We Should All Learn To Fight Like Coach White

Coach Clif White
Coach Clif White doing what he loved coaching football. Photo courtesy Midlothian ISD

Midlothian’s Football Coach Inspires Others

It takes a special spirit to be a coach. And sometimes the greatest coaching comes when victory is nowhere to be found.

When a team is trailing 42-0 at the half but continues to fight valiantly in the final two quarters, that is a reflection on the character of the players and the coach. They all know it will take nothing short of a miracle to win, but the other option – giving up – just isn’t in them.

Midlothian Panthers assistant football coach Clif White was such a coach. Knowing he was fighting an uphill battle with a rare form of bladder cancer diagnosed in May, he continued to show up to work with an oxygen tank and in a wheelchair.

His body might have been on the decline, but he insisted on spending his final days doing what he loved and what he was called to do, lead young men. And lead them he did, not only playing a key role in their 7-0 record at the time of his death (they’re 9-0 now), but also showing them that defeat and losing are two entirely different things.

Coach White came up short against cancer, but he did not lose. And on his way out of this world he did what all great coaches do, he inspired others.

“Coach White had a passion for football, faith and Family. He gave his all in everything that he did and it was our students, athletes and community that reaped the benefits. He will be missed and remembered by all who had the opportunity to get know him”, said Todd Hemphill.

“Coach White has always been an indispensable part of our program. He was loved and admired by the entire team and staff. His grit, resilience, and fight during his six-month battle inspired not only our football team, but Midlothian High School and the entire community,” Panthers head coach Doug Wendel said.

“His love of life and his servanthood was a great testimony of how to live right! His spirit will live on forever at MHS!”

Coach White was only 37 years old. So much in front of him still. Sadly, cancer does not care about age.

However, when you spend your life influencing others as White did, you can do a lot in 37 years.

“My granddaughter had Coach White (as a teacher). He was her favorite,” posted Denise Gibbons on Facebook.

A Legacy of Impact

Patti Ramsden used the social media platform to make a plea to nominate Coach White for the Midlothian ISD Hall of Honor. I second such a request for the same reasons she cited.

“He leaves behind an incredible legacy of impact on all who knew him,” she wrote.


“Coach White was someone who spent time with players and people. He would call a softball or football player in for one-on-ones. Not just talking about their athletics but the person. He could see what made someone special and amplify it, always had time for a word or joke. Always had a smile. When he looked at his wife from the outside you could see he was all in. Loved his kids and relished in their accomplishments. He was well-known for his chicken parm sandwich. He took his responsibilities serious, but not himself. He was a renaissance man. He cared, and he made a difference”, said Tater Beard.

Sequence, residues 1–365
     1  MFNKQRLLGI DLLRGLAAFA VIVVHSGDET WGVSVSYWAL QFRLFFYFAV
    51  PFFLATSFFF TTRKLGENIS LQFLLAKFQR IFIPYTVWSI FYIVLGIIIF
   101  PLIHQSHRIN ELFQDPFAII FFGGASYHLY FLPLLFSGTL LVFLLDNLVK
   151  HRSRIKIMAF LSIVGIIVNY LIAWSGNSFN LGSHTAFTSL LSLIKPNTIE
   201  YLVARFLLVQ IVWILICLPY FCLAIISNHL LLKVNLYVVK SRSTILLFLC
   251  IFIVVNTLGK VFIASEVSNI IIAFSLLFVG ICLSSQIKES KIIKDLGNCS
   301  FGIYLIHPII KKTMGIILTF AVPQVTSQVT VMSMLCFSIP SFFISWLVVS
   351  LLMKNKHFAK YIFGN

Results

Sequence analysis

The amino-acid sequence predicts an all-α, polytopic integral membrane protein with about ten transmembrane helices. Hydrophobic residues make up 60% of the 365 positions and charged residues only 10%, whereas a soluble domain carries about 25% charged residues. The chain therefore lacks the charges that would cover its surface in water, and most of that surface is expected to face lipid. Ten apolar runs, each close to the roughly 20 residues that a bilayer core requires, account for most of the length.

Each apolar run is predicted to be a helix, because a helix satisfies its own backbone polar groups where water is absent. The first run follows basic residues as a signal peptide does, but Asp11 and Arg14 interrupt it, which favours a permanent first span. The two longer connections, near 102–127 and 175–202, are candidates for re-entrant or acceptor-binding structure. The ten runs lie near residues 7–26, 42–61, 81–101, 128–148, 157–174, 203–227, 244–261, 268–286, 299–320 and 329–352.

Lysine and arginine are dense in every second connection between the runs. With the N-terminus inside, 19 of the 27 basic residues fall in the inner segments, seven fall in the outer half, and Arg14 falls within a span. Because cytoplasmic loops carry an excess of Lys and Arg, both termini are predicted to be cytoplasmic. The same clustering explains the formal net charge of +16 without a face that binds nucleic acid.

Admittedly, I did not know Coach White personally. But he inspired me nonetheless. If I am ever in a situation like he faced, I hope I can show as much courage and fortitude as he did. I hope I, too, could look death in the face and say, “I know you’re going to catch me, but I’m going to make you run harder than you ever thought possible to do so.”

The Grim Reaper was sweating profusely after he finally caught up to Coach White.

We come into this world having no choice but to eventually make that venture into the great beyond. As proven with Coach White, sometimes that is sooner than it perhaps should be, reinforcing the belief that we should pack all the living we can into every single day, every hour, every minute.

We all die. It is how we go that determines the way we will be remembered by those yet to take that journey. Did we make a difference? Did we do all we could to improve the lives of others? Did we look for happiness and positivity to replace darkness?

Coach White did these things. You never even had to meet him to realize he checked all these boxes. It’s evident in those who loved him and remember him.

The Panthers Are Looking To Continue The Fight

A storybook ending to the season would be the Panthers going on to win a state championship in honor of their late coach. They are certainly talented enough that they will contend, but there are some other really good football teams they will have to go through to make that happen.

But, with all due respect to all other coaches, the one with the most fight in him has left the field and will be watching the rest of the way.

If you’d like to help the White family, here is a link to a gofundme account https://gofund.me/a3fc0915


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Rick Mauch
Rick Mauch is a veteran of more than four decades in the media. He began writing in high school and immediately went into broadcasting for almost a decade after graduating, working his way to morning drive in Birmingham, Alabama. However, realizing how much he missed writing (though he did continue to do some during his time in top-40 radio), Rick returned to what he loved and has been doing it ever since. Rick's career has spanned a plethora of media outlets, including community journalism, sports, entertainment, politics and more. He's worked in print, broadcast and online media. He also spent several years doing public relations for a children's home in East Texas - still writing on the side, of course. When he's not writing, Rick loves to play golf and do Bigfoot research. He's an avid believer. He also made his first hole-in-one in June of 2020. Rick is married to Junell Mauch. They have five children and three granddaughters